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ODE, bernoulli equation -> leads to crazy integral !

  • Thread starter Jonnyb42
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ODE, bernoulli equation --> leads to crazy integral !

Homework Statement



An Initial Value Problem, ODE (Bernoulli equation)

ODE: [x^2]*y' + 2*[x^3]*y = [y^2]*(1+2*[x^2])
IV: y(1) = 1/2

Homework Equations



general form of Bernoulli's equation:
y' + a(x)y = b(x)*[y^n]

First order, linear ODE form:
y' + a(x)y = b(x)

The Attempt at a Solution



I begin by simplifying the Bernoulli-type equation into a linear form, at which point I end up with an integral that I DO NOT KNOW HOW TO SOLVE.

9k85f6.jpg


I have either really messed up somewhere along the way to that Integral, or not and I just dont' know how to solve it.

Thanks for any help.
 

Answers and Replies

  • #2
tiny-tim
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Hi Jonnyb42! :smile:

Looks ok to me …

but you can't solve that integral unless you're allowed to use the "error function" erf(x). :redface:
 
  • #3
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No further ideas here, sorry :-\
 
  • #4
HallsofIvy
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Are you required to actually integrate it? I remember in my first D.E. class, I had one problem in the text that I could reduce to an integral but could not integrate. If finally gave up and looked in the back of the book where I found that the answer was given in terms of that integral!
 
  • #5
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But how could I get it even in terms of the integral? I need a constant of integration to solve for so y(1) = 1/2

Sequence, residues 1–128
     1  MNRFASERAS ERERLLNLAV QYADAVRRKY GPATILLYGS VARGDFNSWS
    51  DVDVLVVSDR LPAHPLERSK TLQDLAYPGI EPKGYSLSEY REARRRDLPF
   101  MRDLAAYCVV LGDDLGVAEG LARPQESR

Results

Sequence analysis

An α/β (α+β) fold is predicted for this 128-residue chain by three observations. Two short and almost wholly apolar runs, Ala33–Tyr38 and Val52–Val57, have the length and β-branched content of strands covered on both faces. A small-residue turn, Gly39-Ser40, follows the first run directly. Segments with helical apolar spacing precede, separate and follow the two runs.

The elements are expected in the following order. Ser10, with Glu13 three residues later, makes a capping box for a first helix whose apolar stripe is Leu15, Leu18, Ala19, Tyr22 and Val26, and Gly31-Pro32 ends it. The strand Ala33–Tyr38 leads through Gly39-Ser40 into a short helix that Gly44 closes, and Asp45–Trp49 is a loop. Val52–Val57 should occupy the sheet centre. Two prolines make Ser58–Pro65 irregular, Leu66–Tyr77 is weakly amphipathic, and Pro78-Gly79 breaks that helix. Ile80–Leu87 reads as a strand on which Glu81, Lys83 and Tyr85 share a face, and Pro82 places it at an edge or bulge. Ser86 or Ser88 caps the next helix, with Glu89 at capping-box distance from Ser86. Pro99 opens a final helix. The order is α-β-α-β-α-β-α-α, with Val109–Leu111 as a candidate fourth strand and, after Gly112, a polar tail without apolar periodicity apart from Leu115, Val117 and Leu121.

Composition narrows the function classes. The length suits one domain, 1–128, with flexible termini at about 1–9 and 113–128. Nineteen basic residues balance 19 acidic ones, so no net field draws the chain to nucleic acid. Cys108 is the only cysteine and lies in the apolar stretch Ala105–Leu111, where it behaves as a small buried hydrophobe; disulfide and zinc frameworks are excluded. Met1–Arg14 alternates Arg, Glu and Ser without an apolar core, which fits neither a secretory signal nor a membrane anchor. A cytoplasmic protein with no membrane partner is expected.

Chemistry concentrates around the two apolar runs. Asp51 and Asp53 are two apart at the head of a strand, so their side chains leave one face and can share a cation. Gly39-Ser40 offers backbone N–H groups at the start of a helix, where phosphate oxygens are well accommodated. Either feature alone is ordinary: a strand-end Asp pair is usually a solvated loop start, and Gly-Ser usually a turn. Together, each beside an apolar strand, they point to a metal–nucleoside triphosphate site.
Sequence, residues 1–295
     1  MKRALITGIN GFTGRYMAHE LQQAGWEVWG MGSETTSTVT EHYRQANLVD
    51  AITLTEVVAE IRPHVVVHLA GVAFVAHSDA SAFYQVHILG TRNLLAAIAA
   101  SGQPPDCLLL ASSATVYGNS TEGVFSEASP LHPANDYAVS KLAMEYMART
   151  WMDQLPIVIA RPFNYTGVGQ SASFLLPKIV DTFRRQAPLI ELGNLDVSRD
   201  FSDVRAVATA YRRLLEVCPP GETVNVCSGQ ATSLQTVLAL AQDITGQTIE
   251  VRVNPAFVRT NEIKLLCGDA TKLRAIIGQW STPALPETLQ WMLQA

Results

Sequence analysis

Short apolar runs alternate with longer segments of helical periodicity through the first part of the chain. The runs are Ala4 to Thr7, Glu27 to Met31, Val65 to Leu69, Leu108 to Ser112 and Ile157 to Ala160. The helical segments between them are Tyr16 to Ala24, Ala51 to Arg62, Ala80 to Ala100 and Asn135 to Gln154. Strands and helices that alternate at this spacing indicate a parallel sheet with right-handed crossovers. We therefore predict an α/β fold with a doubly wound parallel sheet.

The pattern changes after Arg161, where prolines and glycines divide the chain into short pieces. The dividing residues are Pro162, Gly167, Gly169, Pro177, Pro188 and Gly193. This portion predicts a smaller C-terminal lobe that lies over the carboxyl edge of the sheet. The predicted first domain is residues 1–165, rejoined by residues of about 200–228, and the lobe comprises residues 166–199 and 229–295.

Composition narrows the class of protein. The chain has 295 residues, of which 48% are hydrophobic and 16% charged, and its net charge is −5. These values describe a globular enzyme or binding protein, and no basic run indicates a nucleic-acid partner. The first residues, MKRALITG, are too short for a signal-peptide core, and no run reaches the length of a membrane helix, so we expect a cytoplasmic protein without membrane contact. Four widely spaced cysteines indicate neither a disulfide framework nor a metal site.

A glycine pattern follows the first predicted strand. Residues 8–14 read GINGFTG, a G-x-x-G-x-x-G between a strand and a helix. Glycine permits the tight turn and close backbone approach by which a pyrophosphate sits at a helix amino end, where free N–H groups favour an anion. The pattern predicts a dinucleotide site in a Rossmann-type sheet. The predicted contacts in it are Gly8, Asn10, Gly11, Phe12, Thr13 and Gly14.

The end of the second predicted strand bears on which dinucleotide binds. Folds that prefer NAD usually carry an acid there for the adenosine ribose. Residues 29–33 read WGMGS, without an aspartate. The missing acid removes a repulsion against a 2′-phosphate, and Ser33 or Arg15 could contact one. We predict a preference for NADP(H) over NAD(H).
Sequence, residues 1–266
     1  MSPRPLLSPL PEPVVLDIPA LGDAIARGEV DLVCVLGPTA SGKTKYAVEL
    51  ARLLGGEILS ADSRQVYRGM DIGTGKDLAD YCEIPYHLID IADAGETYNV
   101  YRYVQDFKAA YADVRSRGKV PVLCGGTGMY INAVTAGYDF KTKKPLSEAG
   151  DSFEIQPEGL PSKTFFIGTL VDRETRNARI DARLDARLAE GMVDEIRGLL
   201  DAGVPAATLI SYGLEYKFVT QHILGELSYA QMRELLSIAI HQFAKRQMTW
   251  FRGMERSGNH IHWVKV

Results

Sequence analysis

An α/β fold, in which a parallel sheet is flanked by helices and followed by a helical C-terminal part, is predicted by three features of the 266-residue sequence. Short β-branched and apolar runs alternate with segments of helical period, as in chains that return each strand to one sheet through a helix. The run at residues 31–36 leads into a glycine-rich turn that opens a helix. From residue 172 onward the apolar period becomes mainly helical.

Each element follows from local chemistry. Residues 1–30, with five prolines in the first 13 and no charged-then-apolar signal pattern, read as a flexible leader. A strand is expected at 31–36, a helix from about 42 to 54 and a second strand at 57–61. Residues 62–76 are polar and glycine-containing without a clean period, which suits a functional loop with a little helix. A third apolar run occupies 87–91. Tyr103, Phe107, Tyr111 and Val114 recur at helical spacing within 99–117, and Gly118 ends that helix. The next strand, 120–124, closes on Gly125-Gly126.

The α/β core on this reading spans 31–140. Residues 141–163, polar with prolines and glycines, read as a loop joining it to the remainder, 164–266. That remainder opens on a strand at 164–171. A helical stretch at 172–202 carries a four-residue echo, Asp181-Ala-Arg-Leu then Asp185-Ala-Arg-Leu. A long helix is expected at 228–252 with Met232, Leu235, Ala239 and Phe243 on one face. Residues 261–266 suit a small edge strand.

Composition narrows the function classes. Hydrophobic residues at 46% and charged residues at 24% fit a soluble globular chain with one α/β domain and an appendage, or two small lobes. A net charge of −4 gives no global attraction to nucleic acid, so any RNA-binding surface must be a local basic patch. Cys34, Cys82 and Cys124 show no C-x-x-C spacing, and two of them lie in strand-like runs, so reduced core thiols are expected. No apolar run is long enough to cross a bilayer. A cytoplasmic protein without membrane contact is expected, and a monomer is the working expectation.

• #6
ehild
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Substitute z=x/y. You will get an easy separable differential equation.

ehild
 
Last edited:
  • #7
ehild
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With the substitution z=x/y,

y=x/z, y'=(z-xz')/z^2,the ODE becomes

x^2(z-xz')/z^2+2x^4/z=(1+2x^2)x^2/z^2.

Multiplying with z^2/x^2, and rearranging the equation:

z-xz'+2x^2 z=(1+2x^2), which is a separable ODE:

xz'=(1+2x^2)(z-1)--->z'/(z-1)=(1+2x^2)/x

ehild
 
  • #8
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ehild, thank you!!

How do you know to do that substitution?

thanks again,
Jonny
 
  • #9
ehild
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I did not know that substitution, I just tried...

Dividing both sides of the equation by y^2*x^2, it becomes

y'/y^2+ 2*(x/y) = 1/x^2+2.

So why not try to choose x/y the new variable? The derivative of x/y will contain the term y'/y^2...

There are no recipes for every ODE-s, and there can be different methods for the same ODE. The recipe suggested the substitution z=1/y, but it leads to a difficult integral. You have to be creative :smile:

ehild
 
  • #10
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thanks very much!!!!!!!!

jonny
 
  • #11
tiny-tim
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oops!

Hi Jonnyb42! :smile:

Looks ok to me …

but you can't solve that integral unless you're allowed to use the "error function" erf(x). :redface:
oops! :redface:

your original method was fine :smile:, and on careful inspection your final integral

∫ -e-x2(2 + 1/x2) dx​

is simply e-x2/x + C :blushing:
 
  • #12
ehild
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your original method was fine :smile:, and on careful inspection your final integral

∫ -e-x2(2 + 1/x2) dx​

is simply e-x2/x + C :blushing:
Ingenious! How can one find out this integral?

ehild
 
  • #13
tiny-tim
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just by looking hard enough …

if it's (fe-x2)',

then that's (f' -2xf)e-x2, so -2xf = -2 works. ie f = 1/x, f' = -1/x2 :wink:
 
  • #14
ehild
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You can look really hard. :smile:
Those who do not have such eyes would input it to Wolframalpha...

ehild
 
  • #15
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It's an initial value problem. So, if you have a linear ODE:
[tex]
z' + a(x) z = b(x)
[/tex]
and you find the integrating factor:
[tex]
\mu(x) = e^{\int{a(x) \, dx}}
[/tex]
without caring about the arbitrary integrating constant, because that would give an arbitrary multiplicative factor to your integrating factor, then, the solution to the initial value problem with:
[tex]
z(x_{0}) = z_{0}
[/tex]
is:
[tex]
\mu(x) \, z(x) - \mu(x_{0}) \, z_{0} = \int_{x_{0}}^{x}{\mu(t) \, b(t) \, dt}
[/tex]

From here you can immediately see that if [itex]\mu(x)[/itex] gets multiplied by an arbitrary constant, each term in the above expression gets multiplied by it and the equality holds.
 

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